Coaching is a possible way of supporting these students throughout this challenging time. Pilot study provided coaching to 12 third-year medical students. There was a significant effect of coaching on perceived stress and no effect on depression.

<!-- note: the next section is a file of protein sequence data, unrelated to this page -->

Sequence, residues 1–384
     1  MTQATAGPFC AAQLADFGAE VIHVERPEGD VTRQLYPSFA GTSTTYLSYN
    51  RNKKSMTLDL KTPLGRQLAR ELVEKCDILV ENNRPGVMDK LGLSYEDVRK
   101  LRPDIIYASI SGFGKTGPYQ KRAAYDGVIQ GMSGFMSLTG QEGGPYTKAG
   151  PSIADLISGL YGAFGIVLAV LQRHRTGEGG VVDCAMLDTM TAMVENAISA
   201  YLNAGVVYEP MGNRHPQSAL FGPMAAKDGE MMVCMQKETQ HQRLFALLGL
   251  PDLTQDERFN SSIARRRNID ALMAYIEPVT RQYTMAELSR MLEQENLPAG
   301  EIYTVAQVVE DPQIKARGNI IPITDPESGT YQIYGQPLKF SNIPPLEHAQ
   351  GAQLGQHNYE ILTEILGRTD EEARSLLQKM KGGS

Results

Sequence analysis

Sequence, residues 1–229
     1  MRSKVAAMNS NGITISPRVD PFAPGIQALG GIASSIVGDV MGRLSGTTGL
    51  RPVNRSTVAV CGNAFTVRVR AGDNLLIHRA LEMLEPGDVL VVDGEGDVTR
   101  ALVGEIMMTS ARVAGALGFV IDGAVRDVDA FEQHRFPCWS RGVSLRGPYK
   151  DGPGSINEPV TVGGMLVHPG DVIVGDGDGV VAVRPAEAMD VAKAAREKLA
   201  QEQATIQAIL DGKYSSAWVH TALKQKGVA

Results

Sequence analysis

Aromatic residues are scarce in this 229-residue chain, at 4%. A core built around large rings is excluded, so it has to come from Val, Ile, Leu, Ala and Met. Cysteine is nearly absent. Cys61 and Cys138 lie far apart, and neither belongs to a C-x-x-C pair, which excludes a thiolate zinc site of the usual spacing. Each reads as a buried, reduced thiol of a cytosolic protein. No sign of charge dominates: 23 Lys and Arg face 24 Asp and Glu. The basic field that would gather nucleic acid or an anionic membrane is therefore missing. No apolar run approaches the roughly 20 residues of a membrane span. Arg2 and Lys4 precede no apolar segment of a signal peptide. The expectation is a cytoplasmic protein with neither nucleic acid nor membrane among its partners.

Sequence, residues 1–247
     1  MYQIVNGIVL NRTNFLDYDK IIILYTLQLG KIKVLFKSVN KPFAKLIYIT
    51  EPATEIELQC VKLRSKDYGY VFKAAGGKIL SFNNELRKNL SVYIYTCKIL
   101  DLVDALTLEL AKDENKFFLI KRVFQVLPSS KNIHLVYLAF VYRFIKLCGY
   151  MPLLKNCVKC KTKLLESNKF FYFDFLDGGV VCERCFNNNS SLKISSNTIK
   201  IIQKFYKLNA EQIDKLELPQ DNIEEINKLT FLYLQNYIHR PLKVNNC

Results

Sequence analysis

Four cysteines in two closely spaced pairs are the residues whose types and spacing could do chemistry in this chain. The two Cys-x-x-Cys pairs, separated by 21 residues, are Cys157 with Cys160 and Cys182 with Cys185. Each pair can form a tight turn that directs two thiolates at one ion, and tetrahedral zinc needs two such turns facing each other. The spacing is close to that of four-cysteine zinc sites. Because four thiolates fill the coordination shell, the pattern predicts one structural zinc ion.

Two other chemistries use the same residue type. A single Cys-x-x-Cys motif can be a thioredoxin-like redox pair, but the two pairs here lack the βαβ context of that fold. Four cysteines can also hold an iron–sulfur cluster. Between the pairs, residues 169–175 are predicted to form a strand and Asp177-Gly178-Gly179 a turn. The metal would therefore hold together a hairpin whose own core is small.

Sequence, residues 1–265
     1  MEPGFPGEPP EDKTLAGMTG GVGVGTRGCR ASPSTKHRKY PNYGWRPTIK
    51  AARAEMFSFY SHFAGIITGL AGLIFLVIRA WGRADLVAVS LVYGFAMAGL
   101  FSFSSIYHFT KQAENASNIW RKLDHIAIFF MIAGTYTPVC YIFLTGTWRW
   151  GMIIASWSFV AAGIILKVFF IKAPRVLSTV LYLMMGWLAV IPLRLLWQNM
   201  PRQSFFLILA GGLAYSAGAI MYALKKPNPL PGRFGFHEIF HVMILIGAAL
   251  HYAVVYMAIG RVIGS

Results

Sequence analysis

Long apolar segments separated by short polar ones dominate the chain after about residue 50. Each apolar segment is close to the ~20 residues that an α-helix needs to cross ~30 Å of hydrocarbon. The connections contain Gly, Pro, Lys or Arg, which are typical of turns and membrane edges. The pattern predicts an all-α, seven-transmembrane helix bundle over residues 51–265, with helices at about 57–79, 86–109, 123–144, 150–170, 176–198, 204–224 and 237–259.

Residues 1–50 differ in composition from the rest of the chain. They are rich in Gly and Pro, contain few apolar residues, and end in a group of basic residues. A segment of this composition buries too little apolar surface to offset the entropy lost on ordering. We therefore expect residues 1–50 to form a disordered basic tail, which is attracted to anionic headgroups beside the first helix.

Abstract Background: Medical students experience significant stress and anxiety during undergraduate education. Coaching is a possible way of supporting these students throughout this challenging time. To assess the benefits of coaching for medical students, a pilot study providing coaching was performed. This pilot assessed how coaching affected the mental health of medical students and how coaching was received by them. Methods: Twelve third-year medical students were each given eight 30-60 minute coaching sessions. Each participant took the Hospital Anxiety and Depression Scale (HADS) and the Perceived Stress Scale (PSS) pre-, mid-and post-coaching. After coaching, there were three open-ended questions to measure the reactions to coaching and a scale to determine the likelihood of accessing coaching in the future. Results: There was a significant effect of coaching on perceived stress(p=.023); a trend toward significant effect of coaching on anxiety(p=.057); and no effect of coaching on depression. Qualitative analysis indicated Affective responses (gaining perspective and self-awareness); Cognitive responses (goal setting and working through solving problems); and Skills responses (developing reflection abilities and critical thinking). Attributes of coaching included perceiving coaching as a positive, individualized and supportive experience that students were highly likely to access again. Conclusions: Coaching holds promise as an intervention offered to medical students to reduce stress and anxiety, and provide positive support for students, preparing them for their professional futures.